The department's Web site has won awards, and it's easy to see why. Everything a person could want is right there. The site is easy to use, whether you are a vendor looking for business or a student looking for financial aid. If you are the former, go to the Web site, click on "Grants & Contracts" and right there is your primer.

Sources: Education Department

ED Net Technology Services

Value: $70 million   RFP: April 2005

Purpose: Provide IT services to manage, support and continuously improve EDNet, an IT service delivery infrastructure used by Education employees. This also includes ConnectED, an intranet that provides EDNet users connectivity to the Internet, a standard office automation software suite, enterprisewide e-mail, desktop computers and peripherals, and several custom business applications and information systems.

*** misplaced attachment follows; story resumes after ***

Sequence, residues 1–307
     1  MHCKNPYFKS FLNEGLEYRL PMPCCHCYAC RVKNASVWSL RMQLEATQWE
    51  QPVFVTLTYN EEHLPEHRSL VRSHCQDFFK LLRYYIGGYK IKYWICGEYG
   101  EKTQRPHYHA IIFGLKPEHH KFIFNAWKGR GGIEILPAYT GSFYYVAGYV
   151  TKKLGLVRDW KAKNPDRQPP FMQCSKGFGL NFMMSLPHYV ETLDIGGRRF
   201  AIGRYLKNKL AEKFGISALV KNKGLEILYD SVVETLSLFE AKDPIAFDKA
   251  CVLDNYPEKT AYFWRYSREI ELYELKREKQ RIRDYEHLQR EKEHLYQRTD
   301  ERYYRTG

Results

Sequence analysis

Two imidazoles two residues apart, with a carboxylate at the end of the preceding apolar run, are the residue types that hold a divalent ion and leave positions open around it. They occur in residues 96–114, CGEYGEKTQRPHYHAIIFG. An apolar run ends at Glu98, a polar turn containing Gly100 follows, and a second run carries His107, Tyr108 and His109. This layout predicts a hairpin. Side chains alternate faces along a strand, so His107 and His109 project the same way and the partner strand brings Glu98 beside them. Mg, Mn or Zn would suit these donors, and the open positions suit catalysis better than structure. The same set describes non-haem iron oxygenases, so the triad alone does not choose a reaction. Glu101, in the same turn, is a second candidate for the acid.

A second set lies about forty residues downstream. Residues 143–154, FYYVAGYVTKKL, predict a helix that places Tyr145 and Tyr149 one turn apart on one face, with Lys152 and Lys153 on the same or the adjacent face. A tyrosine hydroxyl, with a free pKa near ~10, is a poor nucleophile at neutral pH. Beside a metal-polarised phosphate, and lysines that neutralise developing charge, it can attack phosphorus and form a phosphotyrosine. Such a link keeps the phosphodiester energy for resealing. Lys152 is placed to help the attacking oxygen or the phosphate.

Bidders: Science Applications International Corp. holds the incumbent contract. Other bidders may include Computer Sciences Corp., Northrop Grumman Corp., Lockheed Martin Corp. and TRW Inc.

Internet Applications Support recompete

Value: $10 million   RFP: April 2002

Purpose: To maintain the department's Web site, including document preparation, application development, maintenance, and systems evaluation.

Bidders: This is an 8(a) contract currently held by Allied Technology Group. Bidders include AC Technologies Inc., ACCE Inc. and Decision Systems Technology Inc.

Educational Resources Information Center recompete

Value: $5 million   RFP: June 2004

Purpose: Operation and maintenance of the center, which provides services to educators, administrators, researchers, librarians and policy-makers. The center provides ready access to up-to-date educational information, including critical research results, evaluation studies and policy papers, curricular and instructional materials, educational databases and statistical information.
Bidders: CSC holds the incumbent contract. Other bidders include Sherikon Inc. and ORI Inc.

Source: Input